Tuesday, August 30, 2005

Uganda and AIDS prevention

It's unusual for me to find myself more closely aligned with the US than the UN, but this story led to that response.

At issue is the Ugandan AIDS prevention policy. Under it, infection rates have decreased from around 15% to 5% - which for sub-Saharan Africa is good. It is based on three strands, which are memorably abbreviated ABC - "Abstinence, Be faithful, Condoms".

According to the BBC report on the internet, Stephen Lewis the UN Special Envoy said:
Over the last eight to 10 months, there's been a very significant decline in the use of condoms, significantly orchestrated by the policies of government.

At the moment, the government of Uganda appears to be under the influence of the American policy through the presidential initiative of emphasising abstinence far and away over condoms
As it was presented by the UN, a proven, successful policy was failing for reasons to do with the religious right in the US.

In actual fact, the truth is that the price of condoms has tripled due to high demand - a Ugandan health minister reports that 145 million condoms have been procured in the last few months.

What wasn't reported on the internet report, but did make it to the World Service report this morning were comments from Mr Lewis along the following lines: "How can a young bride expect that her husband will remain faithful? How can sexually active teenagers suddenly start practising abstinence." It was these remarks that rattled my cage.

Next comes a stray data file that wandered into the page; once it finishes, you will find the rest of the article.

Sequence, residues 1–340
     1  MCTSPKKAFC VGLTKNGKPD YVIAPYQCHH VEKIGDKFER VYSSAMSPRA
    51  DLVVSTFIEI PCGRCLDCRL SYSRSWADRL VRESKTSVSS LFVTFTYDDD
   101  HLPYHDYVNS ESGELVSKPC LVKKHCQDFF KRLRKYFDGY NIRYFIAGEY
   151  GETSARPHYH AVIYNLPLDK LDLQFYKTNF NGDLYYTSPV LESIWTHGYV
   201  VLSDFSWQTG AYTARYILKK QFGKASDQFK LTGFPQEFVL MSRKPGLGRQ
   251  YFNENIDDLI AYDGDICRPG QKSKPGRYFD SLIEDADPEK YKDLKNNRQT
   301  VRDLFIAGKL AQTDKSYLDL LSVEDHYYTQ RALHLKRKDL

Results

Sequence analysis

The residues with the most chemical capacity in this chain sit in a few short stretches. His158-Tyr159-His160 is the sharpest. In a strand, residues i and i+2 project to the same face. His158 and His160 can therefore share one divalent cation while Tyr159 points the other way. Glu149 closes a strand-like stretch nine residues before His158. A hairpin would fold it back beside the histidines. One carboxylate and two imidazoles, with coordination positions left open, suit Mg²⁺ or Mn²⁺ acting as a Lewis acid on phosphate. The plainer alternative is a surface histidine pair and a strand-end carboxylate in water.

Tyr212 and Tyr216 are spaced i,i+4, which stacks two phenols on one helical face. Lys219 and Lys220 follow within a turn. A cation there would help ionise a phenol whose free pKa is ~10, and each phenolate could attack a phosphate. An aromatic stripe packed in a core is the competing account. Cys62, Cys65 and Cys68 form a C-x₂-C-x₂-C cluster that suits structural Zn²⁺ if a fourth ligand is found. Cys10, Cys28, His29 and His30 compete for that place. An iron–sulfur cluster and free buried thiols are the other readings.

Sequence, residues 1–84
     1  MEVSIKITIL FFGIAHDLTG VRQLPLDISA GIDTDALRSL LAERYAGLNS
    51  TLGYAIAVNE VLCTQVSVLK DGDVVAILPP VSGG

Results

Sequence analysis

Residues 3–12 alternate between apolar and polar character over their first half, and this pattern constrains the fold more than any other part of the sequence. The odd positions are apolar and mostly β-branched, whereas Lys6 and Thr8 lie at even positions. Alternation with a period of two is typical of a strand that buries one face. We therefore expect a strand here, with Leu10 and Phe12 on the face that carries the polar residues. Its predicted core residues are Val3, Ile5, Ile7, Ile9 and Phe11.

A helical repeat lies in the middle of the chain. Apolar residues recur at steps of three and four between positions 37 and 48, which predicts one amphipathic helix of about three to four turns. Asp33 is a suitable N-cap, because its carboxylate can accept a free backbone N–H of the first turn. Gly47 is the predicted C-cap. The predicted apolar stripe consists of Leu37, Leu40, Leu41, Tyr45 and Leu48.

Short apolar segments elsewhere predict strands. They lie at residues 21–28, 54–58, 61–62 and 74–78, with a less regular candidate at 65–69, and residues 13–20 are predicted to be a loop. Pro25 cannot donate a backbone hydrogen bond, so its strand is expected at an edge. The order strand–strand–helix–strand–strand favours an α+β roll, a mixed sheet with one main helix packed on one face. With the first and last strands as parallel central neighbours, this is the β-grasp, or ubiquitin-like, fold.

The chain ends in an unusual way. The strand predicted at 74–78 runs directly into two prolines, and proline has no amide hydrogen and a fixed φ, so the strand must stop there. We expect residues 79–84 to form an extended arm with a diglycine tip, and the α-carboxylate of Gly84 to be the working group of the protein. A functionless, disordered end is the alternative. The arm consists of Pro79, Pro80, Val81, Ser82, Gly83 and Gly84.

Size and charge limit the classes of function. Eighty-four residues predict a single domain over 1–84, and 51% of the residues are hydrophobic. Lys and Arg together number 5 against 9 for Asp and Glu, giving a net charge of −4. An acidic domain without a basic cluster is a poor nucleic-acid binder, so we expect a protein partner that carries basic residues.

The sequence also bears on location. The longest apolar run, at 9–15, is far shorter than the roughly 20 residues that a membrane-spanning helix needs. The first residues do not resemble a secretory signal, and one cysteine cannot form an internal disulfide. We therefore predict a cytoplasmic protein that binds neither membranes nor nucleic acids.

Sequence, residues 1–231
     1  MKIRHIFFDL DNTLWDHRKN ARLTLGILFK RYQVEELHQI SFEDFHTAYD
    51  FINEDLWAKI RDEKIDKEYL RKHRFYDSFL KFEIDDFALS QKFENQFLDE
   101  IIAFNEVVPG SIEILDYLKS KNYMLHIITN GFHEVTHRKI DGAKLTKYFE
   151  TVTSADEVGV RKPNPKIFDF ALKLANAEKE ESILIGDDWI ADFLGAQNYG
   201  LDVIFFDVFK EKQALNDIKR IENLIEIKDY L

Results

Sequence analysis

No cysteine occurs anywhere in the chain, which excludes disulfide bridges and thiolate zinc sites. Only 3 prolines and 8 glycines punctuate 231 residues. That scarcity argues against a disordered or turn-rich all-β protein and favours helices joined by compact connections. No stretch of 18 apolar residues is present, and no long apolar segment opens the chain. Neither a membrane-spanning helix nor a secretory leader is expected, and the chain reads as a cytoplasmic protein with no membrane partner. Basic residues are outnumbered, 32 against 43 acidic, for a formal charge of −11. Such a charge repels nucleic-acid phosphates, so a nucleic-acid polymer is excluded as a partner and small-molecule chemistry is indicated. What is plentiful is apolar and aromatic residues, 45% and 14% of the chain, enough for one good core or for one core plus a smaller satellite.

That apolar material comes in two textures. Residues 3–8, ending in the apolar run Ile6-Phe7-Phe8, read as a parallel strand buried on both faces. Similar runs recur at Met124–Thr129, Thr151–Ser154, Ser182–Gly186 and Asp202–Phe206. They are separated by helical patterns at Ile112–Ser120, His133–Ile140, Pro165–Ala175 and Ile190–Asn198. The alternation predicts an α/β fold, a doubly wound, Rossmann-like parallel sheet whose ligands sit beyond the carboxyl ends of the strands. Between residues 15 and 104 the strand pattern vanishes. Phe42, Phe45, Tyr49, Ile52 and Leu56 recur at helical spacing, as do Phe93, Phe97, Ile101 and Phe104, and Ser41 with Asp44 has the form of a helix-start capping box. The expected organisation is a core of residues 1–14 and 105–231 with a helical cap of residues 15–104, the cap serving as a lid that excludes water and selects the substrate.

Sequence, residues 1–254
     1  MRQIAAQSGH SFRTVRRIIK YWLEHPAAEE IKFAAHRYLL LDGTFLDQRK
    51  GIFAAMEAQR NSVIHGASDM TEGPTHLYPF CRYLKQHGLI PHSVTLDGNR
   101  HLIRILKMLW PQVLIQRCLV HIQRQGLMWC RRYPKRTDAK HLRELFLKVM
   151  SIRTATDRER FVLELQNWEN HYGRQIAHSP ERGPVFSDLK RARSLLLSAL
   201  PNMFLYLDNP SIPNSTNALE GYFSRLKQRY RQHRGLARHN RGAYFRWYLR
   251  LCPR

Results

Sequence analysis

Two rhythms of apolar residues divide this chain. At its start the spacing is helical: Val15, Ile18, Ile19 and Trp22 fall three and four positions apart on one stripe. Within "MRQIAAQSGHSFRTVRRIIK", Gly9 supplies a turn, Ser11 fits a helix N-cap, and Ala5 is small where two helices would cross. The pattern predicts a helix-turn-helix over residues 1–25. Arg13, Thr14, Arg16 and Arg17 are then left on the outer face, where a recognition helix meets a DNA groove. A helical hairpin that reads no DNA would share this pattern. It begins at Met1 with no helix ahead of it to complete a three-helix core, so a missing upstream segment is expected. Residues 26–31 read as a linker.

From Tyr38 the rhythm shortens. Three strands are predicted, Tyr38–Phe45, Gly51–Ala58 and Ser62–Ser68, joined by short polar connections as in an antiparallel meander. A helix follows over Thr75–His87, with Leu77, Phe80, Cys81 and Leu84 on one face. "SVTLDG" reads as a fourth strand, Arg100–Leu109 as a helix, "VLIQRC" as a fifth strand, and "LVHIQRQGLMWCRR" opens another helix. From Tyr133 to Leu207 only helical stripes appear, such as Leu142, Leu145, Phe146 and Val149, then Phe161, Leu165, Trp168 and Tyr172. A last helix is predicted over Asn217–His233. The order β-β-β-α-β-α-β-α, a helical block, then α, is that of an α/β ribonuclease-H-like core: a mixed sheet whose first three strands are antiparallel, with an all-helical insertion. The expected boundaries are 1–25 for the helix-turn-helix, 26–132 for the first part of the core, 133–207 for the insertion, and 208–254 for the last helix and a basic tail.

In answer to these questions, how do you avoid getting shot when playing Russian roulette? I would have thought the answer is: stop playing. If people understand that being sexually active with multiple partners runs the risk of HIV infection, surely this ought to be a discouragement from being sexually active with multiple partners. Of course condoms reduce the chance of transmission of STD's - but you can eliminate the chance if you don't sleep with different partners. You don't have to have sex. Condoms aren't a foolproof way of stopping the spread of HIV. Abstinence and being faithful are.

And why should the young wife expect her husband to remain faithful? Well, isn't that a normal assumption made by married couples? Surely the question ought to be the other way around. What is happening in their society that the young wife has the expectation that her husband won't be faithful? And how would greater availability of condoms protect her? Presumably within a marriage relationship, the expectation will be that sex without contraceptive protection would be the norm at some stage. So how is a greater emphasis on condoms going to help her? On the contrary, a greater focus on faithfulness would be much more important to her.

And why should teenagers be expected to abstain from sex? Well, surely if a teenager sees that sex isn't simply a guilt free high, but it has consequences - both in terms of the risk of unwanted/unaffordable children, and in terms of spread of sexually transmitted disease, some of which are incurable - then this ought to change their behaviour.

The greater problem is the liberal western approach, of denying individual responsibility and expecting continual easy gratification, and a society that is continually prepared to pick up the tab - which seemed to underlie Mr Lewis's comments. That's what's destroying society in Britain and the US, and with their affluence frankly no amount of moral crusading is likely to make a difference. At least the Ugandan policy has the potential to change societal attitudes there.